The U.S. military is currently employing a sensing technique that can monitor remotely the air, and can detect potential life-threatening chemicals, pathogens and toxins.
The idea has been used as a source of inspiration in developing an instrument that could help sniff for life on Mars and possibly around the solar system.
The instrument called the Bio-Indicator Lidar Instrument or BILI. The NASA technologist who handles the project formerly worked for a company developing sensor. By having that advantage, the instrument turned into a prototype at the Goddard Space Flight Center in Greenbelt, Maryland.
The scientist then proved that the same principles used in identifying bio-hazards can also be employed in spotting organic bio-signatures on other planets.
That’s how Branimir Blagojevic came up with the BILI, a flourescent-based lidar, a remote-sensing instrument using the radar principles.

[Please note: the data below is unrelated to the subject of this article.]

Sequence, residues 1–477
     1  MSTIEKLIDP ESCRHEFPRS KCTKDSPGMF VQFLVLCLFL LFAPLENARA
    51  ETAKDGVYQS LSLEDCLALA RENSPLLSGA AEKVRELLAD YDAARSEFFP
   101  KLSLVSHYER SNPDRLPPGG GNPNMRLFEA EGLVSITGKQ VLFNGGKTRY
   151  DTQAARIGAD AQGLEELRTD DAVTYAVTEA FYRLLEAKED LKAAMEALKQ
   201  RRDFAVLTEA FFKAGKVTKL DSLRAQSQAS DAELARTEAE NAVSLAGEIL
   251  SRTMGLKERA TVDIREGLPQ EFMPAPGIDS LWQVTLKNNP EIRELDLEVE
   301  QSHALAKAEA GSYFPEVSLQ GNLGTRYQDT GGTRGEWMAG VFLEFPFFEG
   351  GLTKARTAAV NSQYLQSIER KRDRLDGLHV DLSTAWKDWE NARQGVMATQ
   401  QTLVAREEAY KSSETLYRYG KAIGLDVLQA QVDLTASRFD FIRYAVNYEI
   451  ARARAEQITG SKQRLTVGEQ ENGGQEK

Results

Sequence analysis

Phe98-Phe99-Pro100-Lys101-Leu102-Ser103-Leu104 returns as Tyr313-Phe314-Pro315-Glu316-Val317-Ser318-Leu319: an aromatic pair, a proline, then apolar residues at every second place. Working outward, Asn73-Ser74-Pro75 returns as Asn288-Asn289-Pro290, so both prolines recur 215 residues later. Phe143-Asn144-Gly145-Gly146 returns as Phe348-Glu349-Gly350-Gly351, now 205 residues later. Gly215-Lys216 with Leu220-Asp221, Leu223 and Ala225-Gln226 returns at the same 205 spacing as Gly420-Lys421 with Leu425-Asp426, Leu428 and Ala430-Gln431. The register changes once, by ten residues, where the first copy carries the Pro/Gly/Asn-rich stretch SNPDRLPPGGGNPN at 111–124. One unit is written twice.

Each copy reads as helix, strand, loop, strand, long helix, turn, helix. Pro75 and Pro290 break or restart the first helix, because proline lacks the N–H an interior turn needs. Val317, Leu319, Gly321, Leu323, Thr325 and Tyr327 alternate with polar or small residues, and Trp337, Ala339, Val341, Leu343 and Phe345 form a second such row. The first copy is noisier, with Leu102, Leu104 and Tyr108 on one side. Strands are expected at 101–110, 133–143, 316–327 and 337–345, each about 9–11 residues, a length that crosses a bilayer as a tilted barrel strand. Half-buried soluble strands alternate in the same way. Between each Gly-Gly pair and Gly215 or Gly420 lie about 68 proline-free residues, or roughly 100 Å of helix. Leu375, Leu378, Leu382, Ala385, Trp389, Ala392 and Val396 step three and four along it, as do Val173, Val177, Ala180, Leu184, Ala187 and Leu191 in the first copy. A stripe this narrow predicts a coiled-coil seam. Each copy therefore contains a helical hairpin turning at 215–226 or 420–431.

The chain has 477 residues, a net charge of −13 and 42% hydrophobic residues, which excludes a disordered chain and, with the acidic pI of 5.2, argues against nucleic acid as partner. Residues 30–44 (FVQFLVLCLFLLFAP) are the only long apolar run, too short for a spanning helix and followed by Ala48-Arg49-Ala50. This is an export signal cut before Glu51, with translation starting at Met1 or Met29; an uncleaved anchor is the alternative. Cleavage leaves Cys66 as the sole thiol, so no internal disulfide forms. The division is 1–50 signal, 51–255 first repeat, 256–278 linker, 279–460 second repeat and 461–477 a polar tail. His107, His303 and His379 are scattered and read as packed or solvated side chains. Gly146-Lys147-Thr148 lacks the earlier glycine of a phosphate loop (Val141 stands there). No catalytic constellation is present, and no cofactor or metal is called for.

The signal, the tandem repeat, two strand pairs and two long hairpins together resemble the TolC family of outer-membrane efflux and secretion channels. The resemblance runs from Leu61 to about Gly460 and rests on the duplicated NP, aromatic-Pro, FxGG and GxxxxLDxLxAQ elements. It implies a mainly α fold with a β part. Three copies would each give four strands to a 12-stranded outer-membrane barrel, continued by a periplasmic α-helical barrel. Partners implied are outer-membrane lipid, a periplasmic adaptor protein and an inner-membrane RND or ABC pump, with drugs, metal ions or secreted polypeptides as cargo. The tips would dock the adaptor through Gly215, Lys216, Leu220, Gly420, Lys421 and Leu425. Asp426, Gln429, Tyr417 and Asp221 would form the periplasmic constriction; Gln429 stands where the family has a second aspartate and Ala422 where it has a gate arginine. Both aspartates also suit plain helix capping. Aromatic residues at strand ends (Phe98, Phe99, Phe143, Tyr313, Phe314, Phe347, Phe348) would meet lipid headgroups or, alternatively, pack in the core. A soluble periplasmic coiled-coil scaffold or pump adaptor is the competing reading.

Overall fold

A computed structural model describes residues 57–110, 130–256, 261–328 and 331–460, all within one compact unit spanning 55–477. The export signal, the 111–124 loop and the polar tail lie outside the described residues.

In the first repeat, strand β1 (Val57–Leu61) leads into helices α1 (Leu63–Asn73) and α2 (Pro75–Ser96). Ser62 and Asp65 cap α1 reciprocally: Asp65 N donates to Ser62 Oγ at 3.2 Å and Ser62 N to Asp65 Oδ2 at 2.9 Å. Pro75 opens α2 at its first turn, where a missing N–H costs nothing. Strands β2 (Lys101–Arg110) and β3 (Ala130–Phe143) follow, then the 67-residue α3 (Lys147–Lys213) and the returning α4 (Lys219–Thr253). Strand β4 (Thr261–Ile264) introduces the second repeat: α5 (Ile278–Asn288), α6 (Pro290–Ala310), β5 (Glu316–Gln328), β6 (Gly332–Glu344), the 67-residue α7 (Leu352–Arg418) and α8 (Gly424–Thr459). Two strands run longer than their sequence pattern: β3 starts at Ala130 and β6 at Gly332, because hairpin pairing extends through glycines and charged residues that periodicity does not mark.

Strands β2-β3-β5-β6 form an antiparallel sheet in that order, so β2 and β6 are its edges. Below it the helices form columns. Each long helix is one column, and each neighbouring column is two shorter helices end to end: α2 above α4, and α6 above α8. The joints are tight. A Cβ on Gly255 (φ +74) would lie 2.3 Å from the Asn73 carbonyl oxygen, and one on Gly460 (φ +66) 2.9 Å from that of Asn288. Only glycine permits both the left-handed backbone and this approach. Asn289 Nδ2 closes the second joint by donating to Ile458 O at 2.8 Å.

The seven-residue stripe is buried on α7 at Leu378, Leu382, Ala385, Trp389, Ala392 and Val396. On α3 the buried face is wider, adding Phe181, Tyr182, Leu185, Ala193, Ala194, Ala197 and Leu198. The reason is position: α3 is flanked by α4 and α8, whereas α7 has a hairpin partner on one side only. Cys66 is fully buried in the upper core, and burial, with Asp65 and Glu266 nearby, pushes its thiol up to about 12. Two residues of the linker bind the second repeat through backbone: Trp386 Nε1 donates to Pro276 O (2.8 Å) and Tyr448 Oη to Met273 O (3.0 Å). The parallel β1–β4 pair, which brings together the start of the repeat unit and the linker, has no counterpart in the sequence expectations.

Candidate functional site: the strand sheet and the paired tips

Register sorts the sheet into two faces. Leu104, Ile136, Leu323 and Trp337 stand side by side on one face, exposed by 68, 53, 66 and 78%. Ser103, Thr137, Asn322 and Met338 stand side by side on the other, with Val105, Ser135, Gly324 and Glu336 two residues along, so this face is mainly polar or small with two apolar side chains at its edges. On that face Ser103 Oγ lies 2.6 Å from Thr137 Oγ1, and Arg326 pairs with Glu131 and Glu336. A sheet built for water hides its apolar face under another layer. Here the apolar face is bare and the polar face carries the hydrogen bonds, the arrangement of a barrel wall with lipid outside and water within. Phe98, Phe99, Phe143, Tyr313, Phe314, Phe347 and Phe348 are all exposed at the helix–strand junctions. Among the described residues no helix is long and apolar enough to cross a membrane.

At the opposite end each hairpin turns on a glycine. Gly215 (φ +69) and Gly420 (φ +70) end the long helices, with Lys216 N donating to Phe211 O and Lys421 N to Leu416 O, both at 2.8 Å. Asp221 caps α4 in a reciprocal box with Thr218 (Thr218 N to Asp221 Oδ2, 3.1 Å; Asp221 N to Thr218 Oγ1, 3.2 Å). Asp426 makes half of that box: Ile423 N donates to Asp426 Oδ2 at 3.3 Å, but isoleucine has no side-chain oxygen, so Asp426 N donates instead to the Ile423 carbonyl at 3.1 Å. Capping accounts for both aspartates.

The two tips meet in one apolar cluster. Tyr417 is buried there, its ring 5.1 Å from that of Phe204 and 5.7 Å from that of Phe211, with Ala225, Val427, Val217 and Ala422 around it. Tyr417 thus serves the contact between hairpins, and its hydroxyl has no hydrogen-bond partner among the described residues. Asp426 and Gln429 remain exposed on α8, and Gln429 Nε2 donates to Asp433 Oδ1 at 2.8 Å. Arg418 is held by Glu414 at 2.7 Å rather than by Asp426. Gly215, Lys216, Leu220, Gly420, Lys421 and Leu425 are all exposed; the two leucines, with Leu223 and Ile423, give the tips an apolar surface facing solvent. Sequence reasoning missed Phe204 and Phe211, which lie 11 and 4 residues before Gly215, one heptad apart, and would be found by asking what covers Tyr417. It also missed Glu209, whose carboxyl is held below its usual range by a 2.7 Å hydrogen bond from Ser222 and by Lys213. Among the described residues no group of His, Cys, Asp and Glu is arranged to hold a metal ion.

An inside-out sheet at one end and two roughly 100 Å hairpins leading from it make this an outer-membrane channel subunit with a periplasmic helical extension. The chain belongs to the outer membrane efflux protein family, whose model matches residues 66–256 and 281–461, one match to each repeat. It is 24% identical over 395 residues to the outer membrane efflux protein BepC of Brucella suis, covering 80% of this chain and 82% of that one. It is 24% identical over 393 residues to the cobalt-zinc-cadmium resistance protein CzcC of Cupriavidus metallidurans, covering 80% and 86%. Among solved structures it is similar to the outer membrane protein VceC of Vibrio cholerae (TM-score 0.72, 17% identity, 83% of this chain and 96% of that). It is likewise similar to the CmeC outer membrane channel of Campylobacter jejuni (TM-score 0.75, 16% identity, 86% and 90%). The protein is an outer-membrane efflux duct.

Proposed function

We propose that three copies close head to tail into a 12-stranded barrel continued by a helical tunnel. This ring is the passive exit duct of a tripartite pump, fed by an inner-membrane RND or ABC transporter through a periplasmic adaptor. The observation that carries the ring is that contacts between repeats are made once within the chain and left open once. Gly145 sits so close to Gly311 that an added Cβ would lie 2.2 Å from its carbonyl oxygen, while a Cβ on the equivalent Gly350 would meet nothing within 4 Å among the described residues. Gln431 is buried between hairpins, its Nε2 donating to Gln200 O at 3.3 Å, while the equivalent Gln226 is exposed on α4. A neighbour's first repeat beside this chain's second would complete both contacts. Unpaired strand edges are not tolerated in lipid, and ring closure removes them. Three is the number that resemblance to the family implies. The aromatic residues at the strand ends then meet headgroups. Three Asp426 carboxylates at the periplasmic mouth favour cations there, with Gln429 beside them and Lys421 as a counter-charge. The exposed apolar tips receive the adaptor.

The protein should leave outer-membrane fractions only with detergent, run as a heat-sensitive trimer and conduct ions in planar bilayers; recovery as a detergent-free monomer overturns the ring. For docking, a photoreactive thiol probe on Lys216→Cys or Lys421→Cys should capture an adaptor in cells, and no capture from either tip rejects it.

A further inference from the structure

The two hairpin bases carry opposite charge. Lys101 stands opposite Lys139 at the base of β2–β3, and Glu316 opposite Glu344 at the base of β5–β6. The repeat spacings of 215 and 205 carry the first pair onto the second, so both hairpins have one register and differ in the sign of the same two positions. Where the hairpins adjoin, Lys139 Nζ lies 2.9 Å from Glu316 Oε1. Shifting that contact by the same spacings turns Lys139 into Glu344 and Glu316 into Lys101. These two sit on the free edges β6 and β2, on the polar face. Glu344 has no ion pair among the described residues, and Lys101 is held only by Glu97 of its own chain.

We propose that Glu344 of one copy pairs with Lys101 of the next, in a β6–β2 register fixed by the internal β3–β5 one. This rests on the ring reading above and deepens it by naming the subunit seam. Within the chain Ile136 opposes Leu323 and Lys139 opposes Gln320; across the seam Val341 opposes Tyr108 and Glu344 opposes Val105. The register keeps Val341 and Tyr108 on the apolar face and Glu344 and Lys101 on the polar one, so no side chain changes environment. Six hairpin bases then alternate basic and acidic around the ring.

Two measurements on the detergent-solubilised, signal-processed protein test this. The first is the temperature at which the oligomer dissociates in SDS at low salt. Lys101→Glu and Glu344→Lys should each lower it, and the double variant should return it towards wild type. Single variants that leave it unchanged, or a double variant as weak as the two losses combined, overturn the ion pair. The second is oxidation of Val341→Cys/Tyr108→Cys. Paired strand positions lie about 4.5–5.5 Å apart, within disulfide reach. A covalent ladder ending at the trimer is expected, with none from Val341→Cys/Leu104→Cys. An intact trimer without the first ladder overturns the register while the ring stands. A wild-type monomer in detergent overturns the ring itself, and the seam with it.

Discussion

The instruments use light to analyze the particles’ composition in the atmosphere instead of operating through radio waves.
NASA hasn’t been tested the technique in planetary studies, though they’ve utilized flourescence instruments.
However, the team of scientists on the project was quite excited for possibilities this instrument opens. Reasons to why it is unique, it’s because small levels of complex organic materials will be instantly detected from a distance of a few hundred miles away.
The instrument will autonomously look for bio-signatures in plumes, and it manages to reach areas that a normal rover can hardly be reach. Level of analysis could be both very precise and very wide in practicality.
The instrument will less likely contaminate the samples with other materials that could influence the results of analysis, since it will be carried out from a distance. And with this qualities, It represents a perfect complementary instrument.